After the first hour of silently sitting with 60 strangers, I was slowly starting to understand why Kunal has been so passionate about this community in Santa Clara. It really started to make sense during the second hour, as someone read a piece about love being the source of fearlessness and each person in the room had the chance (if they wanted) to share any quick thoughts/reflections. A Japanese Buddhist shared her fears after her mother died in the earthquake, an Indian-American Hindu shared about applying love to his job as a teacher, a Jewish American shared the Hebrew concept of family…
As cliché as it sounds, I began to realize that this is what a good society might look like, in which we are connected by the profoundly common truths between our various beliefs, rather than divided by the nuanced differences.
The night was an incredible expression of how Brene Brown describes spirituality:
Recognizing and celebrating that we are all inextricably connected to each other by a power greater than all of us, and that our connection to that power and to one another is grounded in love and compassion.
In his book Acts of Faith, Eboo Patel writes about the intentionality that is required to achieve this type of spirituality / good society:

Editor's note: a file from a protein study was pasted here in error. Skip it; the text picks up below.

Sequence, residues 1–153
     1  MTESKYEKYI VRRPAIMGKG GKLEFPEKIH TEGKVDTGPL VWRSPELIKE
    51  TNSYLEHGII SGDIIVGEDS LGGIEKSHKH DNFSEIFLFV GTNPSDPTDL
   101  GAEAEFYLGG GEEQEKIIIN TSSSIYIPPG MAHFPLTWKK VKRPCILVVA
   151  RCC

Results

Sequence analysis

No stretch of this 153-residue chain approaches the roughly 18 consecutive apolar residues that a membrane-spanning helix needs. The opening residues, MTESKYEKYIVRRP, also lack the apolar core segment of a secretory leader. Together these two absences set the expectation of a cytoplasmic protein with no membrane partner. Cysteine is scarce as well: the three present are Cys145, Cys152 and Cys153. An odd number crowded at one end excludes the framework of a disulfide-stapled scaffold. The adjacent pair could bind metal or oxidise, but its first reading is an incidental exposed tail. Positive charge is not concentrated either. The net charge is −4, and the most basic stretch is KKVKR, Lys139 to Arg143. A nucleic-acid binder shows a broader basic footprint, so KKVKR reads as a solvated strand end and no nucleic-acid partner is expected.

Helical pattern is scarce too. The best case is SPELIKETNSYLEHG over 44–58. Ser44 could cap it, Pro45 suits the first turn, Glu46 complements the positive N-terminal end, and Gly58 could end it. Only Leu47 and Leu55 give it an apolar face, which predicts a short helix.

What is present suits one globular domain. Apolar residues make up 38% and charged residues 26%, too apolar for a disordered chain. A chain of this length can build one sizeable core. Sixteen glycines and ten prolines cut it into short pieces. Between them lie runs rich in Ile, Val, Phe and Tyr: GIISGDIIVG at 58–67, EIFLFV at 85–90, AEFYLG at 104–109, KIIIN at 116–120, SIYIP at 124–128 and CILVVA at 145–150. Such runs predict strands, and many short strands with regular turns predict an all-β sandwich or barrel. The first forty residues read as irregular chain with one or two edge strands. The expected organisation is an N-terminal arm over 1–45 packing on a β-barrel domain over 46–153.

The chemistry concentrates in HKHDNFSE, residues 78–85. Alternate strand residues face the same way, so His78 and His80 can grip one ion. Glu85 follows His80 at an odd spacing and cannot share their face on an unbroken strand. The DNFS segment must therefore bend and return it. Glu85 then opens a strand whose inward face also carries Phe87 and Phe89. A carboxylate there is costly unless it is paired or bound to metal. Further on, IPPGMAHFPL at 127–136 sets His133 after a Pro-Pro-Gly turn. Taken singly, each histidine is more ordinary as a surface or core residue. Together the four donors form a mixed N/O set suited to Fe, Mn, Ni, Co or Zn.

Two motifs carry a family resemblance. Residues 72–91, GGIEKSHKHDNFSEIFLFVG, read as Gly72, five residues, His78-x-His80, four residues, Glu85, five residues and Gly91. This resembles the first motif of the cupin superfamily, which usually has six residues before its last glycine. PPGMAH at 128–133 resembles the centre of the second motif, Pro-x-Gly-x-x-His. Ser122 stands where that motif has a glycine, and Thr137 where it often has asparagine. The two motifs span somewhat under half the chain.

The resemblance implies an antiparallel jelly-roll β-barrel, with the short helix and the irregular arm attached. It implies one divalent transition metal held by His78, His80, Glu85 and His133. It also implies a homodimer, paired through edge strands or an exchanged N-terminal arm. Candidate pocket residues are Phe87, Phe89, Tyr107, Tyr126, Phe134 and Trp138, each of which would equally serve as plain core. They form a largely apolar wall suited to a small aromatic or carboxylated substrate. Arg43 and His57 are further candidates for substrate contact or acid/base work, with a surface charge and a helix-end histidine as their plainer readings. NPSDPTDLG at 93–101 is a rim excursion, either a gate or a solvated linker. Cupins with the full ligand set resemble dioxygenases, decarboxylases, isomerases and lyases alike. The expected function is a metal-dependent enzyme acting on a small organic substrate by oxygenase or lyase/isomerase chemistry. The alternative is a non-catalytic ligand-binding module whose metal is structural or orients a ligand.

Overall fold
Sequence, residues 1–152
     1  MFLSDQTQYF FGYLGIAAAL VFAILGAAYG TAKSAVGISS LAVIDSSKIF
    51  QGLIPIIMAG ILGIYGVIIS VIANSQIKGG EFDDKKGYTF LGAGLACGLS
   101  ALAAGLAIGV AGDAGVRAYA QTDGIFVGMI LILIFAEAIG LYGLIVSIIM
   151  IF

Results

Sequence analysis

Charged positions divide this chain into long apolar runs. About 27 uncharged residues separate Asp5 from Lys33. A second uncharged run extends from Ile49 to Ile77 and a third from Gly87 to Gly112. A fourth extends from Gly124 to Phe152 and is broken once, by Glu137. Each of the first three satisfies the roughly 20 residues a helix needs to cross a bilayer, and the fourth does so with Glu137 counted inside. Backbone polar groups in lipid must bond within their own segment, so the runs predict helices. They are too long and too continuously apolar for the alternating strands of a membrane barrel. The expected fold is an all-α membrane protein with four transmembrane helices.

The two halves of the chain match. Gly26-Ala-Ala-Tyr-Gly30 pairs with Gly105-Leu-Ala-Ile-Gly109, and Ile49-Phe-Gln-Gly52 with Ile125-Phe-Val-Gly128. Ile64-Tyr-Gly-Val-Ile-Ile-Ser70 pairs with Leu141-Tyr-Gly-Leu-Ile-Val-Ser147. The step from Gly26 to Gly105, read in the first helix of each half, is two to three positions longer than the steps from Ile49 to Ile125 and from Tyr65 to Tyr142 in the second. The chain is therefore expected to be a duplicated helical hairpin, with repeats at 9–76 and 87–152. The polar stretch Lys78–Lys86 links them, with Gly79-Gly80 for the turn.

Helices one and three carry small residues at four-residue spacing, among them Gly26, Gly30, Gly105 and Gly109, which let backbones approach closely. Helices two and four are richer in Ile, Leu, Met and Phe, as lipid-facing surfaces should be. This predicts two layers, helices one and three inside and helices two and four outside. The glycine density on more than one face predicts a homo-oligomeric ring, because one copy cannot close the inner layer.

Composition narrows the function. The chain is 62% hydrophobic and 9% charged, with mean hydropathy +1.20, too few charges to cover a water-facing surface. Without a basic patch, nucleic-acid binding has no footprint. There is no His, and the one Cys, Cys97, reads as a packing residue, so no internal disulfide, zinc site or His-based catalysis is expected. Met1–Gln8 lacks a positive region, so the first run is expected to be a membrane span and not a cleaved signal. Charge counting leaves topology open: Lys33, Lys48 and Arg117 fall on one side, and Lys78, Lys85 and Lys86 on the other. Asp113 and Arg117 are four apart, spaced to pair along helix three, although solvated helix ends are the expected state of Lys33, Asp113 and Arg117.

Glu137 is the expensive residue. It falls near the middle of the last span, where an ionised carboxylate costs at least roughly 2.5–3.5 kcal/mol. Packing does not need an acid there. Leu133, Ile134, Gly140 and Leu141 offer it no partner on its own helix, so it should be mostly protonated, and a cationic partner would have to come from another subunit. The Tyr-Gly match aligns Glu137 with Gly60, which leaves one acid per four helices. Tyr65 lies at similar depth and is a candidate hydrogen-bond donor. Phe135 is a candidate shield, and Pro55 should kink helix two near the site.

Religious pluralism is neither mere coexistence nor forced consensus. It is a form of proactive cooperation that affirms the identity of the constituent communities while emphasizing that the well-being of each and all depends on the health of the whole… It is an intentional commitment that is imprinted through action.
What was perhaps most incredible to me at that home in Santa Clara was how just a little “intentional commitment and action” created such a beautiful community. Nearly 20 years ago, there were just “three friends who decided to sit in silence, every Wednesday, in an ordinary living room with no teachers or gurus, no set agendas or proposed beliefs.” And now, their Awakin Circles have spread to 80 different cities and have (deeply) impacted hundreds of thousands (if not millions) of lives.
And so our Amal team is trying to spread this action and intentionality during Ramadan in Lahore, and has been hosting small meditations, reflections and Iftar dinners each week in our office. It’s just a small step, but it’s incredible to realize that, in the words of the beloved Allama Iqbal, “man’s truest khudi [self] achieves fulfillment only in the Community.”